The joys of fall

My days of yore were always crazy daze around the autumnal equinox. The rig was a constant confusion of fishing tackle, waders, dogs and their gear, decoy bags, shotguns, shells. …. When we left on a Saturday morning, we seldom knew where we were going or what we’d be doing: some fall fly fishing, maybe, grouse hunting, perhaps, water fowling, what? Sometimes all of the above. They tell me it is even better, now that Sunday hunting is lawful in most of the province.

My days of yore were always crazy daze around the autumnal equinox. The rig was a constant confusion of fishing tackle, waders, dogs and their gear, decoy bags, shotguns, shells. …. When we left on a Saturday morning, we seldom knew where we were going or what we’d be doing: some fall fly fishing, maybe, grouse hunting, perhaps, water fowling, what? Sometimes all of the above.

They tell me it is even better, now that Sunday hunting is lawful in most of the province.

Unfortunately, my rig’s load is now reduced to a walker in the back, maybe a camera or two, and sometimes my new scooter on its trailer hitch platform.

This is a vintage year for fall colours. The early equinoctial storm and killing frost that followed it were not sufficient to kill the green leaves and rendering them dry and dull gray as a big blizzard and following freeze did on Sept. 14 a few years ago.

Fall fishing was always my favourite, not the least for the glorious colours of the foliage.

But the storm and freeze that was not enough to kill the colour seems to have slowed the usually fascinating fall fishing in Alberta’s best trout areas. From the southwest corner of the province to west Central Alberta, anglers are reporting cold and cloudy rivers and streams and very slow fishing, the result of the snow runoff from that storm.

Surely, everyone hopes, things will pick up with this hot run of ‘First Nations’ summer?

A report, as I write this, tells of some recent really hot fishing to backswimmer and water boatmen hatches on various west Central Alberta stocked lakes. If the warm spell continues, rivers and streams should clear, warm and provide action to big brown, brook, and even bull trout spawners as they move upstream and pause occasionally to feed-up on the fall protein provided mostly by terrestrial insects: beetles, grasshoppers and ants.

Occasionally in the fall, there will be a good aquatic insect hatch, mostly various species of caddis flies, occasionally the giant fall, or October caddis, that can really put the trout on “the bite.”

We’ll have more dull, drizzly, cool days before freeze-up, and that often produces a hatch of the tiniest blue-winged olives that the trout often prefer to even the meatiest terrestrial insects. Some becalmed anglers have been enjoying a late summer, early fall wild mushroom bonanza: aspen bolete, the provincial mushroom, and particularly roadside of regiments of shaggy manes emerging in the heat after the snow melt.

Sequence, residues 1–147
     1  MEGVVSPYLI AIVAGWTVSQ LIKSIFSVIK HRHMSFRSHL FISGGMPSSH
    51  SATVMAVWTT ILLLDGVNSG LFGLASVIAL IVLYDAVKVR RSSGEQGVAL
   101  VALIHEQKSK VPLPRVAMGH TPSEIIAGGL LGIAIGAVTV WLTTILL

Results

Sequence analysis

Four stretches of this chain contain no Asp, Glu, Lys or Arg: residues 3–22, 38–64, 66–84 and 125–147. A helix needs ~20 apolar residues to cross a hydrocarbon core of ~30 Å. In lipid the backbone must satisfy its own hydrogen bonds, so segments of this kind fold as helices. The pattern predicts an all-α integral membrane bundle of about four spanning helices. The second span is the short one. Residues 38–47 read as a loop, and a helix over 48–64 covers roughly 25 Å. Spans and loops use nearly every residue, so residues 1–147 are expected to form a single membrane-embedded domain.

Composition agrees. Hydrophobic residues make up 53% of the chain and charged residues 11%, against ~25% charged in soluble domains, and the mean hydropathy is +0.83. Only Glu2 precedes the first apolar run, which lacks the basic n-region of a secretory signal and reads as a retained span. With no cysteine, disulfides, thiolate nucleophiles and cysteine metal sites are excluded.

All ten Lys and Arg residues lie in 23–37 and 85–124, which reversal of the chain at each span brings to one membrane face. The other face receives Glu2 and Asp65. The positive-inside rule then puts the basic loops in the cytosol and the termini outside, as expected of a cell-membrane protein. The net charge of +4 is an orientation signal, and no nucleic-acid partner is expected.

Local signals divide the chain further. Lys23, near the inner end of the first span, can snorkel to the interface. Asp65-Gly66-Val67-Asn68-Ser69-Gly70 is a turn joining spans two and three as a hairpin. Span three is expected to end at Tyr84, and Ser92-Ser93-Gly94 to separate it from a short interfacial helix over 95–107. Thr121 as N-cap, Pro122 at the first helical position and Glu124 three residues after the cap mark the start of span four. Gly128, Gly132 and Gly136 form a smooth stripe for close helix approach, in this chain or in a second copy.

Back in the 1960s, we had regional Fish and Wildlife biologists who actually worked in the field instead of dinking away at computer models like the do today.

They actually did spring drumming counts to accurately assess ruffed grouse population numbers. Without such counts, it is hard to get a reading on ruffed grouse numbers because, to start with, the people who hunt them seriously are secretive sorts and often wait to get started until a good wind or two improves visibility by blowing those colourful fall leaves away.

Neil Waugh, outdoors columnist for the Edmonton Sun and his Labrador, Penny, are ruffed grouse fanatics, but have been out only once, so far.

They got one flush that time, but, Neil says, “I didn’t see the bird because of all the leaves.” Since then, it has been too hot. “I hate hunting in the heat,” Neal says, “when there are mozzies about.”

With regard to counting other upland game, there are people, like Rick Martin, wildlife projects manager for the Eastern Irrigation District at Brooks, who actually get out in the spring dawn darkness and do pheasant crowing counts and spy on leks, sharp tail grouse dancing grounds. This spring’s counts showed promise for the pheasant season starting Oct. 15, with a surprising bonus of good sharp tail numbers.

Martin says that after a long, hard winter, he was pleasantly surprised with the spring upland bird counts in the EID. Pheasant crowing counts were up 43 per cent from 2013, just five per cent below the 35-year average, and sharp tail lek counts were up 42 per cent from last year, and an astonishing 35 per cent above the 18-year average. But the spring counts are never the whole story with upland birds in Alberta. The nesting success of those birds counted in the spring is critical to the bird numbers in the fall. From the reports I am receiving from landowners and other serious observers in upland country of bunches of birds showing up recently, the nesting season was a success with high chick survival, mainly owing to favourable weather conditions in late May and on into June.

This fall equinox multi-tasking time generally ends with the start of many big game seasons on Nov. 1. An angler who was “enjoying” six hours of slow time on Stump Ranch water recently reported sighting half a dozen white tail does and predicted “there’ll have to be some bucks around in November.” Yes, there always are. …

Bob Scammell is an award-winning columnist who lives in Red Deer. He can be reached at bscam@telusplanet.net.

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